Q: I have lots of lavender shrubs in my front yard. As they're doing so well, I would like some more to plant at the back of my plot, too. Is it possible to collect the seeds from the flowers to sow new plants?
A: Collecting seeds from your garden flowers is a fun and relatively easy task – and, of course, rewards you with more plants for free. When it comes to propagating lavender, however, it's not the most common approach.
'Collecting seeds is certainly doable, but it is something we tend to avoid,' says Stephen Robins, Founder of Pelindaba Lavender. 'The reason for this is that non-sterile lavender varieties hybridize readily in nature. If one is looking to propagate a specific variety, growing from seeds can result in variable outcomes (and it takes quite an investment in time).
'We much prefer propagation by taking cuttings from a mature plant,' he continues. 'This method ensures variety integrity and is also the only way to propagate sterile varieties of lavender.'
However, if you fancy experimenting anyway, there are a few steps you'll need to follow.
In the late 1990s, Stephen Robins, a retired physician and healthcare consultant, had a vision to create a self-sustaining open space on San Juan Island, Washington State for residents and visitors to enjoy. Thus was born Pelindaba, a Zulu word that hearkened back to Stephen’s South African roots and which can be translated as 'place of great gatherings' – a name that incorporates the two key elements of the concept; great gatherings of crops and great gatherings of people. Since that time, Pelindaba Lavender has become the premier grower of lavender plants, distiller of lavender essential oils, and hand-crafter of lavender-based products.
How to harvest lavender seeds – in 4 steps
According to the Royal Horticultural Society (RHS), lavender seeds should be harvested in late summer. Lindsey Chastain, a homesteader and the Founder of The Waddle and Cluck blog, shares her step-by-step tips.
- Wait until the lavender flowers have dried out on the stalk. They will look brown and brittle.
- Next, cut the entire flower stalk off the plant with pruners or scissors. Do this in the morning after any dew has dried for ideal results.
- Place the cut lavender stalks into a paper bag, folding over the top to close. Hang the bag in a warm, dry, well-ventilated area for a week or two. This encourages the flower pods to burst open, releasing the tiny seeds inside.
- Then, remove the stalks from the bag and rub the flower heads between your fingers over a bowl to separate all the remaining lavender seeds from the husks. Pick out any plant debris.
Lindsey started gardening in 2005, when her first son was born, as a way to save money. It started with a small window herb garden, then expanded to potted vegetables, and now, she and her husband can regularly be spotted in the garden on their homestead.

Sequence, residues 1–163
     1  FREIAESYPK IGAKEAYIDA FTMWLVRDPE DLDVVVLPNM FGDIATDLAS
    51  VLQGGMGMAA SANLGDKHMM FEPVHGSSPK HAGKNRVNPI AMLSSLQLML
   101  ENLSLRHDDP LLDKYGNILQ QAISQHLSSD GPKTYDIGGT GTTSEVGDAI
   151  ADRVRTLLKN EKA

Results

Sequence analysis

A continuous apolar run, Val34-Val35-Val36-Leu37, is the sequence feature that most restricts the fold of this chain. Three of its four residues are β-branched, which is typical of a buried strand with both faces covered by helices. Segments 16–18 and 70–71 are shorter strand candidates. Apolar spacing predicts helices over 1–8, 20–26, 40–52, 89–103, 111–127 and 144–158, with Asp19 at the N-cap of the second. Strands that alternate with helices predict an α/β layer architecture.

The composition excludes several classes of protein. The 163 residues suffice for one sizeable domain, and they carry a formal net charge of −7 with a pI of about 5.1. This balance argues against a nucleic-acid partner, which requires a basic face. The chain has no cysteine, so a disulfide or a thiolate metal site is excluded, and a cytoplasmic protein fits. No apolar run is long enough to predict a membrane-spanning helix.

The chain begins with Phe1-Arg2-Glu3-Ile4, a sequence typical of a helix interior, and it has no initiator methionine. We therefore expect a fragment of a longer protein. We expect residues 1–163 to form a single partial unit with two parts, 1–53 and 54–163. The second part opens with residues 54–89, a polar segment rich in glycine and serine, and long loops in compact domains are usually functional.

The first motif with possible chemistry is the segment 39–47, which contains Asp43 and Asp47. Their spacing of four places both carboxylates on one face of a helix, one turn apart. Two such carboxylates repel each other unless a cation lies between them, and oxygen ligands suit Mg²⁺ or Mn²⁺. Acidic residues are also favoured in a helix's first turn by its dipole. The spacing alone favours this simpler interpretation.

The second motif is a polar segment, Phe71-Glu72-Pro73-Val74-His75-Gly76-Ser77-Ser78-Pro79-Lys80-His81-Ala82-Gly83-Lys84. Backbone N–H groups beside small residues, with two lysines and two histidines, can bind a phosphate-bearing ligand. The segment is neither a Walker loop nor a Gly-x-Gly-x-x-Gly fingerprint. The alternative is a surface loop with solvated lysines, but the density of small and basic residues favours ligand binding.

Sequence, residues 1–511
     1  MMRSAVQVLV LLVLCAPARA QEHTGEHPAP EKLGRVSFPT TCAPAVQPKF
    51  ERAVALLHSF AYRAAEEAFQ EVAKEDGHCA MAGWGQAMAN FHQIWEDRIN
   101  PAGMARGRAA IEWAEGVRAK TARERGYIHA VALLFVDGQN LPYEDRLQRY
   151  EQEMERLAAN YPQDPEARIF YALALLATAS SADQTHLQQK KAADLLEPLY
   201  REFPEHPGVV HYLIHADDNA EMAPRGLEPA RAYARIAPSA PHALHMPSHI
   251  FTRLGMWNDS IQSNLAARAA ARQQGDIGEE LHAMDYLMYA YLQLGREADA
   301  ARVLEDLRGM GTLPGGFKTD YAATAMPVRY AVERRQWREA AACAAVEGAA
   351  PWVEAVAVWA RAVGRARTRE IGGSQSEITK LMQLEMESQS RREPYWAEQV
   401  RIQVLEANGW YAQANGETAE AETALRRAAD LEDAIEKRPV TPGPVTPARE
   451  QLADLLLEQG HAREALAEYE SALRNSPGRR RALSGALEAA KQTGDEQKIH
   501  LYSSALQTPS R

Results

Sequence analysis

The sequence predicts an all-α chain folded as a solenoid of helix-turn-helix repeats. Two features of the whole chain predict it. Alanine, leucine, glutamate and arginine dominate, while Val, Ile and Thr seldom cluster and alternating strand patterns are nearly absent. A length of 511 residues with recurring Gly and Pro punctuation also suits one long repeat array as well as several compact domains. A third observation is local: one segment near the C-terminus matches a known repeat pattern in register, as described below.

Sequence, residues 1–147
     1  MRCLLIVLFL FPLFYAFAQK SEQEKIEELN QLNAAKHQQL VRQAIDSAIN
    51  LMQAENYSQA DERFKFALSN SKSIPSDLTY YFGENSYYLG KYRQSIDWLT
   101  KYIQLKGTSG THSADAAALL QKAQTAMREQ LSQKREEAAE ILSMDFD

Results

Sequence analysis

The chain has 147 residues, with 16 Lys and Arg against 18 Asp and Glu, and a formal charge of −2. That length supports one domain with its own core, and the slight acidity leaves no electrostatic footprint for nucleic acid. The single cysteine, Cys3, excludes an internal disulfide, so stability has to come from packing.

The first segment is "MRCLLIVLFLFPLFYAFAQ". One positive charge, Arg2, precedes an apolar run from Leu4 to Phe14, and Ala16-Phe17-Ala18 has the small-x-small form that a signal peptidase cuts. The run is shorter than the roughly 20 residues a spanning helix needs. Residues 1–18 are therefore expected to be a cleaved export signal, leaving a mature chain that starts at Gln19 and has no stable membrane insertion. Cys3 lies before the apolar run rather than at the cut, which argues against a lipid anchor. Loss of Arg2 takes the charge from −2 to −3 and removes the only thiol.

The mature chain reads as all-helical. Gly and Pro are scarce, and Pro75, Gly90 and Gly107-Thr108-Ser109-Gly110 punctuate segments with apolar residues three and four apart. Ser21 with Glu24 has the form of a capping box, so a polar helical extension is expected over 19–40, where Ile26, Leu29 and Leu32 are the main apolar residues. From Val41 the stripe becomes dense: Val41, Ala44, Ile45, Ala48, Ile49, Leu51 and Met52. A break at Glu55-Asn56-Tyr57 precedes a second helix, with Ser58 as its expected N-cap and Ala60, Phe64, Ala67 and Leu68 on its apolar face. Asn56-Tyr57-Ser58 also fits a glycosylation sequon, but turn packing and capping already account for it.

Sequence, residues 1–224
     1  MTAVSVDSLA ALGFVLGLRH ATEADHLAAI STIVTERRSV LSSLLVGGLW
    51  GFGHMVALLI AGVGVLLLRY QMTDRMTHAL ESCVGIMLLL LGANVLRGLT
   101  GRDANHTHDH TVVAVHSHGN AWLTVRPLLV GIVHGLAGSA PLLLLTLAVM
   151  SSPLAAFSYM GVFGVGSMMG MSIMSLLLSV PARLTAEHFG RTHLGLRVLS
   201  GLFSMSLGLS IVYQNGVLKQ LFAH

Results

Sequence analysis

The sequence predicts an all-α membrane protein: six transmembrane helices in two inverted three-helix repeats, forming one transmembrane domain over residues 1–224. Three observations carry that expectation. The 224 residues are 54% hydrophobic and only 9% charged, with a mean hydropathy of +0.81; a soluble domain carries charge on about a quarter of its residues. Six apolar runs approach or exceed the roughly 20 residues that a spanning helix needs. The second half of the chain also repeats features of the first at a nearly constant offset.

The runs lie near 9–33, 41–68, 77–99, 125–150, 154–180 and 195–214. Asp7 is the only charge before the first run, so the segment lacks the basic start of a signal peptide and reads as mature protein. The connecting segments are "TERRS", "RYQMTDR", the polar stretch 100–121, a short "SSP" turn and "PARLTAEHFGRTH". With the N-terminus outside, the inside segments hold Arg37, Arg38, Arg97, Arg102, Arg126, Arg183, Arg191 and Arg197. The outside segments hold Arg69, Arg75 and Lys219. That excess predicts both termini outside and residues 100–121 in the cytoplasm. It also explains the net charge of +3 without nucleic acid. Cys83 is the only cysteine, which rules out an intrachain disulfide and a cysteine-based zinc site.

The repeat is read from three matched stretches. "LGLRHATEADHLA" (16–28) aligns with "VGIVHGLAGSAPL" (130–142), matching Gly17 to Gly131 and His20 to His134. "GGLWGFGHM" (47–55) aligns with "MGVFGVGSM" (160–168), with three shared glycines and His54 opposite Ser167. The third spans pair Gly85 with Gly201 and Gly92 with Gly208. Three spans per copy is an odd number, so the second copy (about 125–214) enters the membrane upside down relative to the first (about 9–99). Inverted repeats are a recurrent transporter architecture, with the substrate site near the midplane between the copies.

How to store and sow lavender seeds
'Place the clean seeds in an envelope or jar labeled with the variety,' instructs Lindsey. They can then be planted indoors 6-8 weeks before the last spring frost date. 'Sow them shallowly in starter trays and keep them moist until germination. In a few weeks, young lavender seedlings will emerge, ready to be transplanted outside into your herb garden after hardening off.' Bear in mind that lavender grown from seed can take a couple of years to bloom.
If you don't get round to planting them in spring, don't worry – 'With proper drying and storing, lavender seeds can remain viable for up to five years,' Lindsey says.
Your new lavenders will need proper maintenance to thrive – and remember to stay clear of the common lavender growing mistakes. With a bit of luck, you'll soon have healthy, happy plants that, once established, are ideal for drought-tolerant schemes, cottage-style gardens, garden edging, and more.
Sign up to the Homes & Gardens newsletter
Decor Ideas. Project Inspiration. Expert Advice. Delivered to your inbox.
The garden was always a big part of Holly's life growing up, as was the surrounding New Forest where she lived. Her appreciation for the great outdoors has only grown since then; over the years, she's been an allotment keeper, a professional gardener, and a botanical illustrator. Having worked for Gardeningetc.com for two years, Holly now regularly writes about plants and outdoor living for Homes & Gardens.
Fringe decor is in – here’s what you need to buy to bring the fringed interiors trend into your home
Fringe decor has moved from the runway to the home decor space, and I have searched high and low to find the best fringe decor items available now
By Nikhita Mahtani Published
How to garden by the moon – and grow veggies according to lunar phases
This ancient astronomical method is said to result in bigger, healthier crops – would you give it a try?
By Holly Crossley Published